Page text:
Participants in a rail tanker incident session in Red Deer Monday peer down through a loading door on top of a demonstration tank car.

Participants in a rail tanker incident session in Red Deer Monday peer down through a loading door on top of a demonstration tank car.

First responders learn about the basics of train cars

Central Alberta first responders were all aboard for a session on the basics of train cars, so they are prepared should disaster strike as it did nearly 13 years ago.

Central Alberta first responders were all aboard for a session on the basics of train cars, so they are prepared should disaster strike as it did nearly 13 years ago.

On Feb. 2, 2001, a ruptured tank car leaked 71 tonnes of anhydrous ammonia during a train derailment near the Canadian Pacific Railway yard in Red Deer below the 67th Street overpass at Hwy 2.

About 1,300 northwest Red Deer residents were evacuated for 37 hours.

Red Deer resident Michael Jackson, 53, who was walking near the tracks at the time of the accident, died four months later from respiratory injuries due to ammonia exposure.

A Transportation Safety Board of Canada report on the 2001 train derailment and chemical spill noted the performance of emergency response workers “mitigated the risks of the emergency and expedited the cancellation of the evacuation notice.”

Since Saturday, members of seven local fire departments, businesses, RCMP and city officials have participated in a Transportation Community Awareness Emergency Response (TransCAER) training workshop at the Red Deer Fire Training Centre.

For many responders, it was the only time they would be on top of or inside a rail car.

A general purpose railroad tank car was converted into a classroom with the bits and parts displayed for a hands-on experience. The rail car travels coast to coast for training purposes.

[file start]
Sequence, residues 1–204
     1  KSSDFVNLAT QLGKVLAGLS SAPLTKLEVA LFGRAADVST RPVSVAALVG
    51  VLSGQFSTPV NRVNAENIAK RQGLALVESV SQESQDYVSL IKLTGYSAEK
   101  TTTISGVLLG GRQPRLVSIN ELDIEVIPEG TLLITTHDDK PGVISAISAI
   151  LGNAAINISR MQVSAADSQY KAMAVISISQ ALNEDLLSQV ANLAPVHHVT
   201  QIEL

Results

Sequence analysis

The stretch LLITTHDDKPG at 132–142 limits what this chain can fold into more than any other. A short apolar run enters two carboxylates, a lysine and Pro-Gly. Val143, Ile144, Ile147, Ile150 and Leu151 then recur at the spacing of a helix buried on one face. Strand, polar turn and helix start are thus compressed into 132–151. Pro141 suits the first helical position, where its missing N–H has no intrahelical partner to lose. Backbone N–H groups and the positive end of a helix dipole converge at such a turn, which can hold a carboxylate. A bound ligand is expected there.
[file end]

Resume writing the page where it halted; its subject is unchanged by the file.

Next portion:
Randy Mak, TransCAER Prairie region chairman, said the instructors do not tell firefighters how to respond because most are professionals. He said they give the responders a better understanding of a train should they be called to an emergency at a rail yard.

TransCAER helps member organizations of the Chemistry Industry Association of Canada and Responsible Care members inform communities about the risks and the safeguards related to the movement of chemicals in their vicinity, and ways to respond effectively to transportation incidents.

Often they are the first on the scene because of the territory of the rail lines, he said.

“They can recognize a few of the items that might be going on and how to deal with them or pass on the message that they know what’s going on,” said Mak.

In light of the recent Lac-Megantic, Que., train disaster, there has been more talk about the safety of chemicals and dangerous goods travelling through communities.

And Mak said communities and individuals are asking more questions about what to do in the event of an incident.

Karl Tirschmann, a Canadian National Railway dangerous goods officer and instructor, said transportation of chemicals by train is extremely safe and the odds of a major incident is rare.

“You only hear the incidents but you never hear about the millions of cars that travel safety every day,” said Tirschmann.

The training sessions wrap up on Wednesday. Members of the public are welcome to attend. Students will learn the train basics, the different types of train cars, chemical information, emergency response chain of command and more.

For more information, contact TransCAER at www.transcaer.com or Mak at 780-974-6606.

crhyno@bprda.wpengine.com